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How is climate change creating a new Wave for Refugees?

This article is written by a student writer from the Her Campus at Casper Libero chapter.

Even though climate and temperature changes are long-term, they are being intensified by human actions. This is a reality that has been perpetuated for years.

It may sound like a fictional script, but devastating climate impacts could become more and more frequent, the report of the Intergovernmental Panel on Climate Change warns. Human actions such as deforestation, excessive pollution, misuse of land, burning of fossil fuels, and incorrect disposal of waste contribute to the acceleration of the greenhouse effect. 

Among the countries that generate greenhouse gasses (GHG), Brazil is one of the world leaders in emitting these gasses. 

The logic is simple: the more disasters generated by this climate crisis, the more refugees we will have. As more people become vulnerable to increasingly frequent and intense situations, resolving this crisis becomes more difficult.  

Data from UNHCR (United Nations High Commissioner for Refugees) shows that refugees are on the front line of this climate crisis that has been increasing over the years. These refugees often have no option but to live in overcrowded or informal housing with little or no sufficient infrastructure, therefore, becoming more vulnerable to new climate risks such as flooding, drought, and heat waves. Climate change is fully associated with the displacement of these people and this factor is crucial to understanding the concept of this “New Wave” for refugees worldwide. A forced displacement that intensifies a humanitarian crisis that extends to tensions related to hunger, poverty, and the dispute over natural resources.  

The conversation surrounding climate change is familiar. A clear example is the recent tragedy in Rio Grande do Sul (RS), a state in southern Brazil.

A historic milestone for the Rio Grande do Sul region occurred when, in between rains and flooding, within a matter of weeks, rains and flooding destroyed cities and the lives of many residents. The impacts of this historic tragedy are a consequence of the increase in the planet’s temperature. Excessive waves of cold, heat, rain, and periods of drought have led to what we today call a ‘New War’ for refugees. Those who lost their homes and families are seeking new homes, and places to rebuild their lives.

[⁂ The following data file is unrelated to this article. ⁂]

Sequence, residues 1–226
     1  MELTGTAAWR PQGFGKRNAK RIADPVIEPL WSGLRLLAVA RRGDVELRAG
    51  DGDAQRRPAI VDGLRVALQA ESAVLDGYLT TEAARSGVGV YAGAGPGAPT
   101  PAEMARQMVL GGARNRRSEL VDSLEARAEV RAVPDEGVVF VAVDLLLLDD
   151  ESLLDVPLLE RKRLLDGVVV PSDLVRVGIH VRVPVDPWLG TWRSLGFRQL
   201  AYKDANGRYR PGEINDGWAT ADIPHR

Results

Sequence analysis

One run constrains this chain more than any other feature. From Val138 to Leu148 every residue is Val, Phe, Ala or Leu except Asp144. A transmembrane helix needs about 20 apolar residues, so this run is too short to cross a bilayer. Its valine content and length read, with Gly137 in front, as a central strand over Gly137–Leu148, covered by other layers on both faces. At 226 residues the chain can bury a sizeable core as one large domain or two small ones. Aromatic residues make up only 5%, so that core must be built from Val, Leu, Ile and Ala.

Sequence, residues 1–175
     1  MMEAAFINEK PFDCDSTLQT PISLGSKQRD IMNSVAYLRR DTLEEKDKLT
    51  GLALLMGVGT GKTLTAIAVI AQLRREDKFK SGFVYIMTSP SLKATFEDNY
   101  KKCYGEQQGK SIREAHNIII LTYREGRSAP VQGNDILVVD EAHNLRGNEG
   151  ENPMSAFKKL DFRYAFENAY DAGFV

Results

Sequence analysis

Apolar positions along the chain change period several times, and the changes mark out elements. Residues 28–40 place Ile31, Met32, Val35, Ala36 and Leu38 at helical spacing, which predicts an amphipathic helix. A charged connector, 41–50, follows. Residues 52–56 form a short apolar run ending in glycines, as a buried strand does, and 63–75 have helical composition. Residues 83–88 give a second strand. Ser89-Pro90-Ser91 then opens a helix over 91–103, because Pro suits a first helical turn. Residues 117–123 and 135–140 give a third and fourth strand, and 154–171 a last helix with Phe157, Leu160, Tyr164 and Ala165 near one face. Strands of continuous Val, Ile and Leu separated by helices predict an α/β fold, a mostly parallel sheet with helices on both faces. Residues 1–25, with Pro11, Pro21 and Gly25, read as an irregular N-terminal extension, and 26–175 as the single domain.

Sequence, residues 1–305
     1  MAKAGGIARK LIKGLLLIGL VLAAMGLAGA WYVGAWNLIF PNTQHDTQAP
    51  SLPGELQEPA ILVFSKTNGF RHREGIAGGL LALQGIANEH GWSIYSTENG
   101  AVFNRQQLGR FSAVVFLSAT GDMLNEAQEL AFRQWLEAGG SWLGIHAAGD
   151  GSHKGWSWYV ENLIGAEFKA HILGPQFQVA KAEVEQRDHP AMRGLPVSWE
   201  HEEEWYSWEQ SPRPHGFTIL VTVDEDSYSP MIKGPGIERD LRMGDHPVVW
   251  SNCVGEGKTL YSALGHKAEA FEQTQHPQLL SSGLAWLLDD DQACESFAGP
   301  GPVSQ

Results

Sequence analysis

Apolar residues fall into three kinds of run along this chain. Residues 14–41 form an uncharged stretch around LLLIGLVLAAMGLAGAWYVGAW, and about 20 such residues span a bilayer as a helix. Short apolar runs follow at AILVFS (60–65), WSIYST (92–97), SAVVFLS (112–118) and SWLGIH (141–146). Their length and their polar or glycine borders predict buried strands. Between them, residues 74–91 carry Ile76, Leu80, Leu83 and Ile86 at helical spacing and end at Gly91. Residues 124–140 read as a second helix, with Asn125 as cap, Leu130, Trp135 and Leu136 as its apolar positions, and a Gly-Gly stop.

To help those affected by the tragedy, TikTok influencers created The “Brazil Makeup” campaign led by the Brazil influencer Camila Pudim, which appealed to those affected by the floods in RS, to represent Brazilian culture, and join donation campaigns for the state. “We are a unique people, we are the same family” is the message behind this trend thay has gone viral in recent days in support of donations to families in Rio Grande do Sul. 

The podcast channel PodPah, created by Lucas Silveira, is another great example of how people are coming together to help others. Through a charity livestream, the hosts invited many Brazilian artists to take action to help the victims of RS, such as Ludmilla, Sandy, Emicida, Seu Jorge, Whindersson Nunes, and Felipe Neto, among others. In the end, the channel raised more than two million reais in total donations.

Moving from your home country due to wave scenarios as mentioned above or climate disasters is a desperate situation. This “New Wave” of refugees is a scenario that tends to grow from now on because of the excessive climate changes that the world has been suffering. Times, when temperatures were colder, are now hot, rainy times turn to drought, and vice versa. 

The planet is getting hotter and this is a reality that has been warned about for some time, but it is only after tragedies like the one mentioned in Rio Grande do Sul that society realizes the seriousness of the situation. An increase of 1.2 degrees Celsius in the planet’s average temperature compared to the average of the last 60 years is an alarming situation that has the consequences of what society is witnessing today: more and more natural catastrophes. And, in the future, the non-existence of human and animal life on Earth. 

For the so-called “climate migrants”, this scenario spreads to the most varied aspects. It is not necessary to go far to realize that they depend on humanitarian assistance and in the midst of this crisis they are placed aside from social issues.  


The article above was edited by  Giulia De Demo Assis.

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Ana Guercio

Casper Libero '24

I'm journalist in training at Casper Libero college who loves reading ficcion books and writing about all subjects, specifically health, politics and culture.